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<img> elements expect a non-negative integer, so an empty string is not allowed. Either define the correct dimension, or remove this attribute.
Related W3C validator issues
The attributes width and height on <img> elements define the dimensions of the image in CSS pixels, and expect a non-negative integer.
The width and height attributes on <img> and <iframe> elements expect a digit to indicate the number of pixels. Ensure that this attribute contains only digits.
<!-- This is invalid because width is not a digit --> <img width="225px" height="100px" alt="cat" src="cat.jpg" /> <!-- This is valid --> <img width="225" height="100" alt="cat" src="cat.jpg" />
The width and height attributes on <img> elements expect a digit to specify the dimension in pixels. It should not contain units, letters or percent signs.
You can achieve this using CSS instead, for example:
<!-- Invalid syntax, the height attribute expects only digits --> <img src="photo.jpg" alt="cat" height="auto" /> <!-- Valid syntax using CSS --> <img src="photo.jpg" alt="cat" style="height: auto" />
<img> elements accept a width attribute to specify the size in pixels. This value can only be an integer, it should not contain units or %. If you need to specify a percentage width, you can do that with CSS:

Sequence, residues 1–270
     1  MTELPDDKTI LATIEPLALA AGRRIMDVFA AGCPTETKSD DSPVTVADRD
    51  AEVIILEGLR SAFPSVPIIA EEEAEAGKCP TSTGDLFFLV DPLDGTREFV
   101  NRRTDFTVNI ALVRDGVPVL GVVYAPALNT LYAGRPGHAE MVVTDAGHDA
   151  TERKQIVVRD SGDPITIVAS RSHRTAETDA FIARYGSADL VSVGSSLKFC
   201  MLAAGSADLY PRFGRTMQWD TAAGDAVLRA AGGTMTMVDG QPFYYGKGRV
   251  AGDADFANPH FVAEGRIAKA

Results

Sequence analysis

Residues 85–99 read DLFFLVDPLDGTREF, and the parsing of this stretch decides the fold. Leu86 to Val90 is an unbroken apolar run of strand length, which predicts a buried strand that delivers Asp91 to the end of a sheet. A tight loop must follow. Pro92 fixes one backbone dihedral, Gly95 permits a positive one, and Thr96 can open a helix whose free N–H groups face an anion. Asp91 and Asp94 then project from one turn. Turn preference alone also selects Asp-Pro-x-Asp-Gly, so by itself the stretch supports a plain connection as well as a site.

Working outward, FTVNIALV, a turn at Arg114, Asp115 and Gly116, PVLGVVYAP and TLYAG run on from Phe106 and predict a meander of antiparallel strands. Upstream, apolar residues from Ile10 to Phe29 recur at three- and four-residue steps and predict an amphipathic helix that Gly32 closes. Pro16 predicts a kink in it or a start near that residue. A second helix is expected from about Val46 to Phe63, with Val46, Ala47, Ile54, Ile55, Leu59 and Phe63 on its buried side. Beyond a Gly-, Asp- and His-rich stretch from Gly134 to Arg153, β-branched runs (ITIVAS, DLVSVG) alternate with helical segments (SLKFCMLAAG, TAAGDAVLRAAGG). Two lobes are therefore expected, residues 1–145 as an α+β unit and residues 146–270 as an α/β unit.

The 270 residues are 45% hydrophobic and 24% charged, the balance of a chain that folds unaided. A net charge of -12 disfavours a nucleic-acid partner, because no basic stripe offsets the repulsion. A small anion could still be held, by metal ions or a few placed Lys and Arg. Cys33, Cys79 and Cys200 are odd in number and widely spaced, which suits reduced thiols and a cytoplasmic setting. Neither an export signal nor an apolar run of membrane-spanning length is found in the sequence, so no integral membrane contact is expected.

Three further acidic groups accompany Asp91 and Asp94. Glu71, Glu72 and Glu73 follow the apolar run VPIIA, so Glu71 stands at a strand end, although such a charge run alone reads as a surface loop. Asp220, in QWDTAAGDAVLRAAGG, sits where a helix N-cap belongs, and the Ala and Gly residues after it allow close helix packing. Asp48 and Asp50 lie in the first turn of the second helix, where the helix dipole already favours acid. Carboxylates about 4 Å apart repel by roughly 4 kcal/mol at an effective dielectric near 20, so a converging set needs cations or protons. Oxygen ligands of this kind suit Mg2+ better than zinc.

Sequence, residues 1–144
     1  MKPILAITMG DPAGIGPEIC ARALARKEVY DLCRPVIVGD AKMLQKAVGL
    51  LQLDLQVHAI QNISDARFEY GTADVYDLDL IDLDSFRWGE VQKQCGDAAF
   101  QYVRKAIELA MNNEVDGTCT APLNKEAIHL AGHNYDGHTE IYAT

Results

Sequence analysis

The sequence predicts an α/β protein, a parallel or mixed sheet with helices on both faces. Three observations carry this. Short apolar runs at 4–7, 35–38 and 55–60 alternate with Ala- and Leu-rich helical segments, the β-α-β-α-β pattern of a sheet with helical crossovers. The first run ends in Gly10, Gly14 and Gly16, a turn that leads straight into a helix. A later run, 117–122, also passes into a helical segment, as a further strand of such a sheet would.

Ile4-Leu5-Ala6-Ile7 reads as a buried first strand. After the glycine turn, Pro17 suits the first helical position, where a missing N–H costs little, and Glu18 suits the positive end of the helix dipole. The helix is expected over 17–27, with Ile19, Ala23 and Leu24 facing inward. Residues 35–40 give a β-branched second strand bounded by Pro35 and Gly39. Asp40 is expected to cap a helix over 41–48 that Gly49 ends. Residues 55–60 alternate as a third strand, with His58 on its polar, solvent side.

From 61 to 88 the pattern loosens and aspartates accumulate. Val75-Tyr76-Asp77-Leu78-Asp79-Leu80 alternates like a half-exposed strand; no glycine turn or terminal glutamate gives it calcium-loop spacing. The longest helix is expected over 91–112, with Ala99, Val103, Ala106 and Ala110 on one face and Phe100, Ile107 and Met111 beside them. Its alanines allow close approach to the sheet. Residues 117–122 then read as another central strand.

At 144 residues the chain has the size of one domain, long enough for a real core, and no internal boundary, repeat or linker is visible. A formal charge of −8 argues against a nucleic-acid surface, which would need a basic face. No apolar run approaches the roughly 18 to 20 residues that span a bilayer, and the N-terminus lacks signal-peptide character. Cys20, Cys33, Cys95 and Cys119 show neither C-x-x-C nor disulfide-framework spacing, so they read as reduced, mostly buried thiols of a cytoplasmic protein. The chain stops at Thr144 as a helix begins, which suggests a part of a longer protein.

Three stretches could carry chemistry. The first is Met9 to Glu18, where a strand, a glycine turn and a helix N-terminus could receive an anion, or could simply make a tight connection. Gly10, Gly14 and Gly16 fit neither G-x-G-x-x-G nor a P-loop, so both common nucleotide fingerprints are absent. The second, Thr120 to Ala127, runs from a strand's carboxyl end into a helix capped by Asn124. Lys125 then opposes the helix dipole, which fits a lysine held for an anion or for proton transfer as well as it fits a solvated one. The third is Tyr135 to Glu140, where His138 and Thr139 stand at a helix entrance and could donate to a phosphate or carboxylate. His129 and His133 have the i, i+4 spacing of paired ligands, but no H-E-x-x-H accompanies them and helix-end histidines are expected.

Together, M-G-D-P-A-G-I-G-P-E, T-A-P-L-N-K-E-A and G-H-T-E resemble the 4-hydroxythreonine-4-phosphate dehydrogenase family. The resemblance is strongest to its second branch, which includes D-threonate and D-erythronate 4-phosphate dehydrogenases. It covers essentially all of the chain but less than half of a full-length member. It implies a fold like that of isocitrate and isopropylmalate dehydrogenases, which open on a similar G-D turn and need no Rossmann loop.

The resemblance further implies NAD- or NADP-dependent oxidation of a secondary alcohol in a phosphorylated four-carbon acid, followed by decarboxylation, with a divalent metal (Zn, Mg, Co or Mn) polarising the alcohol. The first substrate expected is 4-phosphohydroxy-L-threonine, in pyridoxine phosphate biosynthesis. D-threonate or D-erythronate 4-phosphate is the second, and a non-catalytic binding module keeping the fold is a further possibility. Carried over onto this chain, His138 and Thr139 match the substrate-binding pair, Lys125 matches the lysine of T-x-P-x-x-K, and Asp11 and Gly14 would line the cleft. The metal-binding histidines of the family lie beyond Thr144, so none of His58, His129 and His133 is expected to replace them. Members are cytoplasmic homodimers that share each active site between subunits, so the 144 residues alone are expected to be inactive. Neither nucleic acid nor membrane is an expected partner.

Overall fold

<img src="photo.jpg" alt="red car" style="width:100%;">
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<img> tags, used to include images on a document, require an alt attribute to describe the contents of the image. This is essential for users that cannot see the image (like screen reader users), or as an alternate text when the image cannot be displayed. Example:
<img src="photo.jpg" alt="Person holding a cat" />
When an img element has an empty alt attribute, its role is implicitly decorative, so it must not specify a role attribute.
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The <table> element does not accept a height attribute. Use CSS instead.
A start tag for <img> has been found inside a <noscript> section within the <head>, where it’s not allowed. Consider moving it to the <body> section.
The HTML <noscript> element defines a section of HTML to be inserted if a script type on the page is unsupported or if scripting is currently turned off in the browser.
This issue is often related to 3rd party tracking pixels like the Facebook or LinkedIn conversion tracking pixels. For example, the Facebook pixel instructions tell you to insert it like this:
<html> <head> <script> ...some script... </script> <noscript> <img src="..." /> </noscript> </head> <body> ... </body> </html>
Instead, consider moving the <noscript> part inside the <body>, where the <img> makes sense to be inserted:
<html> <head> <script> ...some script... </script> </head> <body> ... <noscript> <img src="..." /> </noscript> </body> </html>
IDs for HTML elements can’t be blank.
The src attribute on an <img> element contains an invalid character, that should be properly encoded as a URI percent-encoded character.
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